5.Why do you think the professionals in this case, most of whom are CPA’s, would agree to record a material journal entry contrary to their best professional judgment? I think that in many situations employees were able to twist statements which follow GAAP guidelines. May employees were convinced they were doing the right thing and those that were unwilling to participate were overlooked. Most of the material journal entries which were made contrary to best judgment were so done with a view to mask the declining profits and to show increasing profits, which in turn would increase stock prices.
6.In general, how does the role of Internal Auditing differ from the role of Independent (or External) Auditing? What is the role of Internal Auditing in a well-run corporation? When performed by internal auditors, what is a financial audit versus an operating audit? Do you think WorldCom’s Internal Audit Department was functioning as it should have been? Explain. Internal auditors work within an organization and report to its audit committee and/or directors. They help to design the company’s organizing systems and help develop specific risk management policies. External auditors are independent of the organization they are auditing. They report to the company’s shareholders. They provide their experienced opinion on the truthfulness of the company’s financial statements and perform work on a test basis to monitor systems in place. Internal Auditing is designed to look at the key risks facing the business and how the business is managing those risks effectively. It usually results in recommendations for improvement across departments. Internal auditing is an independent, objective assurance and consulting activity designed to add value and improve an organization’s operations.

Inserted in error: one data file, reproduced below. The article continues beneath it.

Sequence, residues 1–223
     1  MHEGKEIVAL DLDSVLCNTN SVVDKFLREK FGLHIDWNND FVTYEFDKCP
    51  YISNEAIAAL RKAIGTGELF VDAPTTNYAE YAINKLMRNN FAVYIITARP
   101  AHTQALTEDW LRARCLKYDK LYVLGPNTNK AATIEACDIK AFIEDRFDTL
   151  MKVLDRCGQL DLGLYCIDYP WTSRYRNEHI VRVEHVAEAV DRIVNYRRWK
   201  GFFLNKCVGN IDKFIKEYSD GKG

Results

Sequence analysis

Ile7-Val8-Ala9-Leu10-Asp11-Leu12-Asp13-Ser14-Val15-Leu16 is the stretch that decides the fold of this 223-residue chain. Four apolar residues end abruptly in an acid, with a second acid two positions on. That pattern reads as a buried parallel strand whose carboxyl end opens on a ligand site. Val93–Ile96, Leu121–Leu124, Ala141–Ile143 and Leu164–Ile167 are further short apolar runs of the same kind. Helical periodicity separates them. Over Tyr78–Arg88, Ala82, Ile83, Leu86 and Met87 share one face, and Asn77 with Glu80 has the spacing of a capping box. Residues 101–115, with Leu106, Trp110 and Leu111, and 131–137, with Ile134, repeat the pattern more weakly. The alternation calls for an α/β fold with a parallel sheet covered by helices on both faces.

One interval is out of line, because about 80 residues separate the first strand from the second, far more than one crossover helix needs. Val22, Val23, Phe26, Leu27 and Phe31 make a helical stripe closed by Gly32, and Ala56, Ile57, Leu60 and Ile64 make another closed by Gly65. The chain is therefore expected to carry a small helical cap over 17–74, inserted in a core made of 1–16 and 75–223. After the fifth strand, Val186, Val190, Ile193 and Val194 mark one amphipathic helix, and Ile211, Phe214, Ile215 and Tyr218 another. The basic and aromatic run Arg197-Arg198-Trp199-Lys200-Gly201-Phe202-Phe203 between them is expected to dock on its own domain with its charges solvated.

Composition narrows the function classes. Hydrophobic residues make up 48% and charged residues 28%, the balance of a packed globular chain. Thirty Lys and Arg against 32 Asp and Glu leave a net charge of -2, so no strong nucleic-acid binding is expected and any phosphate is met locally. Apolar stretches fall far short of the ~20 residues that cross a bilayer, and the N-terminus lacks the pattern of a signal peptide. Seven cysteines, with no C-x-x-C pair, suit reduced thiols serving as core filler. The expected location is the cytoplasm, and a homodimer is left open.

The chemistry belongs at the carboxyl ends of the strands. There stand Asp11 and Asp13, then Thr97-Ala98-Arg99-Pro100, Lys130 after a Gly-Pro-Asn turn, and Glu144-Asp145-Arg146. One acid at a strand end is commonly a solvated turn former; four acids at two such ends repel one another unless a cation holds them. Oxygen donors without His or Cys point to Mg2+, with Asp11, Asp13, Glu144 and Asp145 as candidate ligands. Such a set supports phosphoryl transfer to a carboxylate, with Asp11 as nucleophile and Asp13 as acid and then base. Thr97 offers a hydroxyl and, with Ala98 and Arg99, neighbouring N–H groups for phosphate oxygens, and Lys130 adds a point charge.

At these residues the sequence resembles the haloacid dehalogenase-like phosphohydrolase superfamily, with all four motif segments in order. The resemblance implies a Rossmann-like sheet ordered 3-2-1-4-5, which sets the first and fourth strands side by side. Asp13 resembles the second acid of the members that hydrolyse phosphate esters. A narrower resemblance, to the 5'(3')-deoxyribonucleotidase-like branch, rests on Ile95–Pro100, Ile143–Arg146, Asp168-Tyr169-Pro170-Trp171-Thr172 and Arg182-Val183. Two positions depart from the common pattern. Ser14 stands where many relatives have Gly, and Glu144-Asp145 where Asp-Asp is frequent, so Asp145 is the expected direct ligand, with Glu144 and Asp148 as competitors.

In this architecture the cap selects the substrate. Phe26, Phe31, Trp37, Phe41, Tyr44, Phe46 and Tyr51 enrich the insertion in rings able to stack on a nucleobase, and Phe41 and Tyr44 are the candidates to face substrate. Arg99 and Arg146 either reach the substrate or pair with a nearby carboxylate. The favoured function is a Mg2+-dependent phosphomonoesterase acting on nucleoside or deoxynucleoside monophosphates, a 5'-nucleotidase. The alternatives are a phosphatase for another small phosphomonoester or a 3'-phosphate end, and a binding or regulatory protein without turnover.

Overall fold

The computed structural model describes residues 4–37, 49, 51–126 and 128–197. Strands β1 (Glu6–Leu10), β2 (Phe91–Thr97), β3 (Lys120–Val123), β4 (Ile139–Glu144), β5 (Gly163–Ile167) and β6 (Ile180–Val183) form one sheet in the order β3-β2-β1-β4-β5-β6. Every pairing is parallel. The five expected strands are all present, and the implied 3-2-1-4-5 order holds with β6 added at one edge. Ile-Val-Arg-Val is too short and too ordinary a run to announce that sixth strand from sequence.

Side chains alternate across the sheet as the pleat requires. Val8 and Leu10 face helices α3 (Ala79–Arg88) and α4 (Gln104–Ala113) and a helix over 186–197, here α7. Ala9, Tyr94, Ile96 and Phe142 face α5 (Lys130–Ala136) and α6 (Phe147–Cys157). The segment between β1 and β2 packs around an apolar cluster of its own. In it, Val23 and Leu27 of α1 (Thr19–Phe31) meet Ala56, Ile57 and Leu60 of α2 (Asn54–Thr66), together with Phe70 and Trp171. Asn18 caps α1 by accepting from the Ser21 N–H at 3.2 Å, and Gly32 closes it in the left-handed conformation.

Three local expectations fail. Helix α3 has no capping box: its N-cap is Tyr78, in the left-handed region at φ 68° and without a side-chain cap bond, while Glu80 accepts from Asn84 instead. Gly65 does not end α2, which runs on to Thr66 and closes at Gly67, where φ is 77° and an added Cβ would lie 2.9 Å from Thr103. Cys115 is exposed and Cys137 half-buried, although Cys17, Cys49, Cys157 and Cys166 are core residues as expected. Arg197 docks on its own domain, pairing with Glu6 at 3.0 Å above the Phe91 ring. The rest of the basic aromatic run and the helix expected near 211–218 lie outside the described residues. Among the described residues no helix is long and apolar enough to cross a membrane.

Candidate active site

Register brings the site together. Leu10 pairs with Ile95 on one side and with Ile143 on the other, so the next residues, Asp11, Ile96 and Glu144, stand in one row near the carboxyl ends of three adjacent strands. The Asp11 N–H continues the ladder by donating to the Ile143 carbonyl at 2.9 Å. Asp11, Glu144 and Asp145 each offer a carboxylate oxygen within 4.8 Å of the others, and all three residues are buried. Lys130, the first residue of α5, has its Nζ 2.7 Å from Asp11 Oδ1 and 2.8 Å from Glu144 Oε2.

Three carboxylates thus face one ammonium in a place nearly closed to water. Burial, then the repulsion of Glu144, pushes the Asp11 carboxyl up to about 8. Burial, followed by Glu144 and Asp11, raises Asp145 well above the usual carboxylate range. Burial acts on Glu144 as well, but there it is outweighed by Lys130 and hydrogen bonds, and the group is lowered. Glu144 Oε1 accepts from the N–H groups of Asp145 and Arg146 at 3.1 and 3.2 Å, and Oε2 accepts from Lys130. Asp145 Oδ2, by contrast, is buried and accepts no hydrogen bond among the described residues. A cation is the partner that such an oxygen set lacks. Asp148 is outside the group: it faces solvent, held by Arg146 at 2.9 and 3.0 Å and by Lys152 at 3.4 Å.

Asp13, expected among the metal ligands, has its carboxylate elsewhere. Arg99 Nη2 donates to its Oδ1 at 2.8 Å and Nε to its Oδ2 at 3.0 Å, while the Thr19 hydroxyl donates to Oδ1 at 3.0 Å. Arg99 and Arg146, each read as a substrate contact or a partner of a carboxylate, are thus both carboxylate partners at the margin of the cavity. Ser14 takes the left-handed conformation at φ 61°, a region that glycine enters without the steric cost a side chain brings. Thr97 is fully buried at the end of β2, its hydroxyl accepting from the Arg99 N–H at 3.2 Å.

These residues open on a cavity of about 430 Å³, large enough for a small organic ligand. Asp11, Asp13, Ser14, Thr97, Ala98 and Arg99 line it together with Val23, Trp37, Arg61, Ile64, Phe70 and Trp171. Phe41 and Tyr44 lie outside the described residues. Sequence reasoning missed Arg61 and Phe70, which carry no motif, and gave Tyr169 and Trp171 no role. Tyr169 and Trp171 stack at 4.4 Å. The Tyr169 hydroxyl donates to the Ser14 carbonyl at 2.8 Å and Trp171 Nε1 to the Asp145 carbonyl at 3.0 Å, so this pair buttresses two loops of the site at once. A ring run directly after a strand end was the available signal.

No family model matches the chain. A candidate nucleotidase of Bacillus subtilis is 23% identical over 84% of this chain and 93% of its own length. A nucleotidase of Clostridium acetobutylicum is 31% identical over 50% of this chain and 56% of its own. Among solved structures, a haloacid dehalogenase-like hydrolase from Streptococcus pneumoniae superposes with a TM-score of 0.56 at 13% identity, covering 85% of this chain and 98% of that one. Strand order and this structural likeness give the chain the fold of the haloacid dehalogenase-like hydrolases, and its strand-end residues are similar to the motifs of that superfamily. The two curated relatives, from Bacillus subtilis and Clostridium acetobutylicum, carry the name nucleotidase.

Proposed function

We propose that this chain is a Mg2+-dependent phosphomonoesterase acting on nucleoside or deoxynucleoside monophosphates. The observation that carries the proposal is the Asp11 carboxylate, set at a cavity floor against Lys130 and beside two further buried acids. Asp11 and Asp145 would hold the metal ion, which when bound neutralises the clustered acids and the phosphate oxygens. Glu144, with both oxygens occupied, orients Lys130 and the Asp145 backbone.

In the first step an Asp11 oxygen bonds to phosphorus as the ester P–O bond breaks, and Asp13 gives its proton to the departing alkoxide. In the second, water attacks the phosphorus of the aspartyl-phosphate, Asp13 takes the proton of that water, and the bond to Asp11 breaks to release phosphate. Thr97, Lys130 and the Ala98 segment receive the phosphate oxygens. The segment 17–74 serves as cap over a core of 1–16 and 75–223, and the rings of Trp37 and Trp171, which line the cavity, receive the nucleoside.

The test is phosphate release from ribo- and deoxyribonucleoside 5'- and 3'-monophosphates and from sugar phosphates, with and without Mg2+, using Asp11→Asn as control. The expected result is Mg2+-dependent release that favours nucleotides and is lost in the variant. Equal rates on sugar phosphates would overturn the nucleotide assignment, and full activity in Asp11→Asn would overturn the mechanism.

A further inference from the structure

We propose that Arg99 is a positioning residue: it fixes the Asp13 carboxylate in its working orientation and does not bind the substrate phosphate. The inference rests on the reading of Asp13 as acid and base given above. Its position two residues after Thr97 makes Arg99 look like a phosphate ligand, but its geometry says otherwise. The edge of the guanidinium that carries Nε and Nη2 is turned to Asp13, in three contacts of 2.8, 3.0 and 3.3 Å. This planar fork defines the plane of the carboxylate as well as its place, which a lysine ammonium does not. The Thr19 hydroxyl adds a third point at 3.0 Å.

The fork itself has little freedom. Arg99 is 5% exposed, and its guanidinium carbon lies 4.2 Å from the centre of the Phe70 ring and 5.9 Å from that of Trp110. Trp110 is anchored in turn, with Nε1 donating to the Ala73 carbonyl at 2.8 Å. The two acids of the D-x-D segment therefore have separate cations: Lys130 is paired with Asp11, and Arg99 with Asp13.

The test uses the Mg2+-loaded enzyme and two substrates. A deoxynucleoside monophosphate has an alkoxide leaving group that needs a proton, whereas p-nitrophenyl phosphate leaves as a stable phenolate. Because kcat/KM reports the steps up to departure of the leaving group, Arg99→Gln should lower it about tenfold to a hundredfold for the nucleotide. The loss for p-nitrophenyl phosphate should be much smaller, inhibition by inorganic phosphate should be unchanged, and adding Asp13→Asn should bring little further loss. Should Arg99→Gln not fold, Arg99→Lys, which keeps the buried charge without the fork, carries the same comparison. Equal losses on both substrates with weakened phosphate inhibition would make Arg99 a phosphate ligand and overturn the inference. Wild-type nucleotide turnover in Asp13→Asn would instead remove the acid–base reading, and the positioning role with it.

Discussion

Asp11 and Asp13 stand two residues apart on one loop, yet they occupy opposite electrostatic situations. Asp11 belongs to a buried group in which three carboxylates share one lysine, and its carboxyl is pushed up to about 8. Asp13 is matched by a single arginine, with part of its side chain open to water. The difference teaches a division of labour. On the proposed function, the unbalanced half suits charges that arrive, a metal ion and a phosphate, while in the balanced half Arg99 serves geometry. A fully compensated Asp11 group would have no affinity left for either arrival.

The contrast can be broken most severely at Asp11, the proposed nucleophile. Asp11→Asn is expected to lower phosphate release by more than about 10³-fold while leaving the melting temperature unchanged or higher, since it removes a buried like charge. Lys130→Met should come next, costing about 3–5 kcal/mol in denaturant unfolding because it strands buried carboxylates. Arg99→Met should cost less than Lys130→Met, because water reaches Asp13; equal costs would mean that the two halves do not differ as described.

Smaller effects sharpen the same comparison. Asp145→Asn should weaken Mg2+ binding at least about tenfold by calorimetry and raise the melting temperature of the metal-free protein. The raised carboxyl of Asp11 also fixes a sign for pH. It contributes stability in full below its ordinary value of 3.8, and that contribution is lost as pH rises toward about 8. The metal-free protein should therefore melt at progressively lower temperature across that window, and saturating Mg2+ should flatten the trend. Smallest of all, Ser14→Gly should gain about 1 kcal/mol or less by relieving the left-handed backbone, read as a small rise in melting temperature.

It helps an organization accomplish its objectives by bringing a systematic, disciplined approach to evaluate and improve the effectiveness of risk management, control, and governance processes. A financial audit is an audit or examination of the financial reporting process, determining the reliability and integrity of the financial statements and preparation of such statements. It also involves an appraisal of the internal controls related to the finance function of the enterprise. An operational audit, on the other hand, is a systematic review and evaluation of an operational unit in terms of its effectiveness and efficiency of operations, accomplishment of its laid down objectives and goals, and determining its appropriateness in the use of various resources. It is clear that the WorldCom’s Internal Audit department was not functioning as it should have been. It was concentrating only on operational audits and totally avoiding financial audits. On the cause of cost-saving, it clearly avoided any and every function which could overlap with the role of the external auditors.